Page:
Looking for outdoor equipment parts?
Enter model number, part number, equipment type, brand, or part description and press Enter:
Snowblowers are very convenient machines for homeowners who live in cold and snowy climates – and help make the task of snow removal a lot less daunting.
How do snowblowers work?
A good way to think about snowblowers is analogues to lawn mowers for snow removal.
Snowblower auger carves a snow passage in the area that you are clearing and discharges the snow to the side of the path through a side chute.
When clearing heavy, slushy, icy snow too quickly, your snowblower can get clogged – causing the auger to work too hard and wearing out the snowblower shear pin.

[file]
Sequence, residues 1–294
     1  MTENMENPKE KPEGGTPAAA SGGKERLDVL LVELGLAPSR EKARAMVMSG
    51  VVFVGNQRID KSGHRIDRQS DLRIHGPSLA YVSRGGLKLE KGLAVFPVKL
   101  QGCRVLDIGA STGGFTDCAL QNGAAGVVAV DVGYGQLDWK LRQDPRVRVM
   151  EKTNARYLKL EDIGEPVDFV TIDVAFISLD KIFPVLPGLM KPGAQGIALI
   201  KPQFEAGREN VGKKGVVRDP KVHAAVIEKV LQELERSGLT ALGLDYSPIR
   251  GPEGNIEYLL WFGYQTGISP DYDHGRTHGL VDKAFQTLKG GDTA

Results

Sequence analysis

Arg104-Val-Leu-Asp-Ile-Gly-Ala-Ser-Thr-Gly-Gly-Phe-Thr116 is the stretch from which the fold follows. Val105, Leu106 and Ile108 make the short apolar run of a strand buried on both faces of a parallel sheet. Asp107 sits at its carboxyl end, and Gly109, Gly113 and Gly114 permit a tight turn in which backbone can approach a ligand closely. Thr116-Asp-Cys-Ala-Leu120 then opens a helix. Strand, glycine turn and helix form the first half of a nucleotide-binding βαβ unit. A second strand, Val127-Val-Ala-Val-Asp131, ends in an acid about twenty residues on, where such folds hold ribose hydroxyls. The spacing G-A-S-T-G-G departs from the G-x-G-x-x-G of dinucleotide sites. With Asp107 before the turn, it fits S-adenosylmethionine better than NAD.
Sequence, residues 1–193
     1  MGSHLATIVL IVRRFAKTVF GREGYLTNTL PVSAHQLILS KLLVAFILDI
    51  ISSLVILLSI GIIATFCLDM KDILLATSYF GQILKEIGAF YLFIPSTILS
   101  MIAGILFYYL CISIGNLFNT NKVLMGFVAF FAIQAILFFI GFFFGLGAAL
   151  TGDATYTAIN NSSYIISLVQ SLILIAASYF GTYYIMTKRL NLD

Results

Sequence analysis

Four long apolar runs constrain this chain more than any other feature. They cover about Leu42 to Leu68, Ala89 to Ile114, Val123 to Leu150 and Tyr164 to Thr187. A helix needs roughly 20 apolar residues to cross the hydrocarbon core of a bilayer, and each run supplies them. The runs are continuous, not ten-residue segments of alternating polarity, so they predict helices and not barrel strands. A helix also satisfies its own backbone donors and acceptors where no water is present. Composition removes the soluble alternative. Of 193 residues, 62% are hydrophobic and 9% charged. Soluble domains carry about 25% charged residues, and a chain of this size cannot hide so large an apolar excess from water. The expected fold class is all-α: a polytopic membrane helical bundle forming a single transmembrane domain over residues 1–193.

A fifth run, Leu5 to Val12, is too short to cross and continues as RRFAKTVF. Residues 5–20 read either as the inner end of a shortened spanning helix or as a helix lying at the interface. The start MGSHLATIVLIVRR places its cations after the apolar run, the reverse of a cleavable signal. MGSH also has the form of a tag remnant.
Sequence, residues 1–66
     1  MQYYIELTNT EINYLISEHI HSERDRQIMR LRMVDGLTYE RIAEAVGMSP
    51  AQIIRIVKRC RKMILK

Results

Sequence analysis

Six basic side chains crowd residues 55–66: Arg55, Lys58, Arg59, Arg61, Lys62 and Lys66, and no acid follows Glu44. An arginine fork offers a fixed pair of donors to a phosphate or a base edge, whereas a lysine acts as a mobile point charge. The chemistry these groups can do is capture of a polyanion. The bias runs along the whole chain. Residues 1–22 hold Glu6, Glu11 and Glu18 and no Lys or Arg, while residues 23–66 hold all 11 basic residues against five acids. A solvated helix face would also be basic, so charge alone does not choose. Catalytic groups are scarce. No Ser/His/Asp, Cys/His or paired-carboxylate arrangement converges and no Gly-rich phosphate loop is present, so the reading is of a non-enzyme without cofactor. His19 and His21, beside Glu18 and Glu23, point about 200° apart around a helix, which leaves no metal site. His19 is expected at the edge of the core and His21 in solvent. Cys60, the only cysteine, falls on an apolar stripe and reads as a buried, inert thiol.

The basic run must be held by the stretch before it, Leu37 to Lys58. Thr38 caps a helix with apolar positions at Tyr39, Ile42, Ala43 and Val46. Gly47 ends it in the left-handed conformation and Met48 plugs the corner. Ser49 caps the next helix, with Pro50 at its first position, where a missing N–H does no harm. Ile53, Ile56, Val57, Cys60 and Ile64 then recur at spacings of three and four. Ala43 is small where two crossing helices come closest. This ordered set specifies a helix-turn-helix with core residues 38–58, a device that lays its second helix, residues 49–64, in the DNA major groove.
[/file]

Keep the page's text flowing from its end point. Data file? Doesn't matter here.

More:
You can take easy, sensible steps to avoid your snowblower from clogging. Here are a few techniques to try:
- Remove any obstructions that can get stuck in your machine (such as rocks, door mats, snow toys, shoes, sleds, etc.) out of the snowblowers path.
- Allow the engine to warm up for a few minutes before engaging the auger, then start by clearing the area with the least amount of snow.
- Move your snowblower forward at a slow, steady pace, never forcing it through the snow path.
- Allow your snowblower auger to propel the snowblower forward and to dictate the pace of snow clearing according to the condition, temperature and quality of snow.
- If your snowblower starts to vibrate unreasonably, release the auger handle and pull the machine back from the area that might be causing it. Excessive vibration is frequently a sign that the auger is beginning to clog. Once you move your snowblower out of the snow pack, reengage the auger so it can discharge the snow through the chute.
- Avoid pushing your snowblower through heavy slush – because slush is heavier than snow and causes excessive stress on the snowblower auger.